This article originally appeared on The Next Web
Mobile devices play an increasingly important role in the retail shopping experience.
We already use our smartphones and tablets at practically every step along the way in the shopping process, from researching product details and comparing prices across retailers to checking the in-store availability of certain items and, at least in some stores, even making payments and checking out. During the 2015 Thanksgiving weekend, 56.7 percent of smartphone owners used their devices to conduct some type of shopping activity.
But what does the future hold for retail shopping, and how will mobile devices play a role in shaping it?
The super-personal touch
In Minority Report, the 2002 sci-fi film starring Tom Cruise, there’s a scene in which Cruise’s John Anderton character is barraged with personalized ads as he walks through a futuristic shopping mall. “John Anderton, you can use a Guinness right about now,” one ad calls to him, while another reminds him that he’s been a valued American Express customer since 2037.
Later, when he enters a Gap store after having had ocular surgery, the store’s hologram greeter mistakenly refers to him as Mr. Yakumoto and asks him how those assorted tank tops worked out for him.
Creepiness aside, this type of personalization might not be as futuristic as you might imagine. When you walk into a store that you shop at frequently, an associate is likely to call you by name and, assuming you have downloaded their app onto your phone and opted-in to their personalized marketing, will be able to make personalized recommendations and offer custom discounts or promotions because they are knowledgeable about your shopping history, product preferences and other proclivities.
Who knows, they might just ask how those assorted tank tops worked out for you after all.
Experiences become unbound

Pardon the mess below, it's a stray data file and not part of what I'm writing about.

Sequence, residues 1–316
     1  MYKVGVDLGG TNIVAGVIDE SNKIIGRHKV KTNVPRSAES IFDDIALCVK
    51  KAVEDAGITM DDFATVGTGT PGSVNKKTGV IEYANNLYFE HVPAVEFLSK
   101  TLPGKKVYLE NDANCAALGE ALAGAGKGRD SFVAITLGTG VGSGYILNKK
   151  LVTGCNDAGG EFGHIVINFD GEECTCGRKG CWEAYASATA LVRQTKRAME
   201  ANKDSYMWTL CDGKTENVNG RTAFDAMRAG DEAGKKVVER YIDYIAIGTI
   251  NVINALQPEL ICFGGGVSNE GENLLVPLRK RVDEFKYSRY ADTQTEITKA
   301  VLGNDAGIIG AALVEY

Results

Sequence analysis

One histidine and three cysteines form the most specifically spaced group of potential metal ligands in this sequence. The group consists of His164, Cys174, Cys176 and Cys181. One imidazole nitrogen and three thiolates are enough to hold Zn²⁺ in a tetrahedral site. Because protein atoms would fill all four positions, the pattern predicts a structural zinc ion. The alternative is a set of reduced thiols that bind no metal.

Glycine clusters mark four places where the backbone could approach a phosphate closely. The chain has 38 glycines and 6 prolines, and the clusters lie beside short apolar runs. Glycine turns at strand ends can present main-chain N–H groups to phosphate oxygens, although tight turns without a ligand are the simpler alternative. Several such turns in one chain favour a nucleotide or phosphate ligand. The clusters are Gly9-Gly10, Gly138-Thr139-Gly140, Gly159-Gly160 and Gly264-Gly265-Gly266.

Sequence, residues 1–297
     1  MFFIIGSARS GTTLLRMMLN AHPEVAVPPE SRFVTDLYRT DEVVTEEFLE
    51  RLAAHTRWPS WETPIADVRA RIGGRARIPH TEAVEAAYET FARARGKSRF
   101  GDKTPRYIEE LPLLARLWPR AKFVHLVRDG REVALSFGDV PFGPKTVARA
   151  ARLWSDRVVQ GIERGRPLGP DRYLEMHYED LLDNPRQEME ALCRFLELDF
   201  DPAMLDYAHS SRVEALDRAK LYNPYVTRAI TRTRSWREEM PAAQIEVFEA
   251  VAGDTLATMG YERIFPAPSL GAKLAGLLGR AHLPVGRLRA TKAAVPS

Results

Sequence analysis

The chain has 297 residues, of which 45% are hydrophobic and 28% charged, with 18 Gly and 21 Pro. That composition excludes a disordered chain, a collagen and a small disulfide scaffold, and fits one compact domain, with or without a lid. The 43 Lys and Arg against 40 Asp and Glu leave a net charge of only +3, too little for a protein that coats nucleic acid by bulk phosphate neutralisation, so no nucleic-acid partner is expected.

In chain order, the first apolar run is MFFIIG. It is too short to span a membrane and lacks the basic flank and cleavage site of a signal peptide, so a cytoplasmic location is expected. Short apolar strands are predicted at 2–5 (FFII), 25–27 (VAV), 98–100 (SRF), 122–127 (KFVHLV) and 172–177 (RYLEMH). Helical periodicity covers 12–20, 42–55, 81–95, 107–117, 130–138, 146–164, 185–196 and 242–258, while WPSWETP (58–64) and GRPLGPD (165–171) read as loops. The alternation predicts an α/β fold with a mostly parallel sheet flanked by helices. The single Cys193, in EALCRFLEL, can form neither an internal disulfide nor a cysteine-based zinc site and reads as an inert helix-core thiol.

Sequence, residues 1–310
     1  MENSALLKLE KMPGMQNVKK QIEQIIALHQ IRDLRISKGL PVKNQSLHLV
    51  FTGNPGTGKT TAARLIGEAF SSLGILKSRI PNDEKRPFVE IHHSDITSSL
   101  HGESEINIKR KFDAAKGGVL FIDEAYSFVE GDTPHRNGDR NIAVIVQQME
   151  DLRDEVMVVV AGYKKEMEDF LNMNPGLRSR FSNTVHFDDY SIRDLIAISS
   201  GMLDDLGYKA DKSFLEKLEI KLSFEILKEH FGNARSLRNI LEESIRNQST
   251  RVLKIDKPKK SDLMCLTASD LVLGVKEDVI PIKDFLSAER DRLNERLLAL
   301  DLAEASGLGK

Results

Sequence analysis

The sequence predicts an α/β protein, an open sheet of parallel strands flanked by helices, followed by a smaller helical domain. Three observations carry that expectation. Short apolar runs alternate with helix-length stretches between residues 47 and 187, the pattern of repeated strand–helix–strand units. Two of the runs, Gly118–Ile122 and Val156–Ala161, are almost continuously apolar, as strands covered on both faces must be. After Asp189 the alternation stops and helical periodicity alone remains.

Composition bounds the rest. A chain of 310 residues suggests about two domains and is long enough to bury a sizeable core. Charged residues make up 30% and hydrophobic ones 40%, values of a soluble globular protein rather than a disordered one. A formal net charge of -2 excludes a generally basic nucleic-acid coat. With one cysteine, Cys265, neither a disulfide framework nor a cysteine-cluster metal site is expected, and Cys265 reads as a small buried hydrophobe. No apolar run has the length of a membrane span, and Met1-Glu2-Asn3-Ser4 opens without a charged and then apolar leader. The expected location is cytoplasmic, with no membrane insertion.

The retail experience of the future also won’t be confined to physical settings bounded by walls and ceilings, thanks to the nearly ubiquitous existence of virtual reality (VR) apps. Already in use by automakers to let shoppers test drive vehicles across a variety of terrains, and by clothing retailers to put shoppers front and center at their latest fashion shows, retailers will continue finding innovative ways to utilize VR so they can provide shoppers with simulated experiences that take them far away from the traditional showroom.
A bookstore, for example, can drop readers into the land of one of its most popular science fiction novels, or jewelry stores could take customers deep into a diamond mine so they can trace that engagement ring all the way back to where it was first unearthed.
Cash registers go the way of the floppy disk
In the future, cash registers will become all but obsolete. No more waiting in lines, no more fumbling for cash or credit cards. Shoppers will simply be able to scan an item with their smartphone and be on their way. In stores where cash registers do still exist, cash itself will be considered archaic, as one in five smartphone owners is expected to use mobile payments as early as next year, growing to one in three by 2019.
Of course, many of the functions that currently happen at or near today’s cash registers, such as upsells on impulse items, redeeming of loyalty points, gift card sales, etc., will also happen through mobile devices. As more retailers embrace omni-channel strategies and integrate data-driven processes like inventory control and CRM, we will manage our loyalty programs, facilitate returns and exchanges, redeem discounts and promotions, and conduct other functions all through our mobile devices, regardless of whether we bought something online or in-store.
Shoppers demand instant gratification
Not only will consumers get used to being able to order items from their favorite stores and have them delivered on-demand by services like Instacart, AmazonFresh and UberRUSH, but they will expect speedier delivery times and real-time tracking on delivery orders as well. In an environment increasingly driven by instant gratification, drone delivery will finally take off.
And as 3D printers continue to become more commonplace in American households, certain products will be ordered and then printed on the spot. Gratification doesn’t get much more instantaneous than that.
Re-shaping the entire retail experience
Thanks to the incredibly rapid pace of innovation in mobile technologies, the retail shopping experience is already dramatically different today than it was five years ago or even just last year – and it is evolving faster and faster every day. From showrooming and clienteling to the fitting room and the cashier, mobile has already impacted every facet of retail shopping, and it only figures to have a greater impact going forward.
So much so that the experience just a few years from now very well might resemble the mall scenes in Minority Report more than it does today’s shopping environment.
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This article was written by Ran Avrahamy from The Next Web and was legally licensed through the NewsCred publisher network.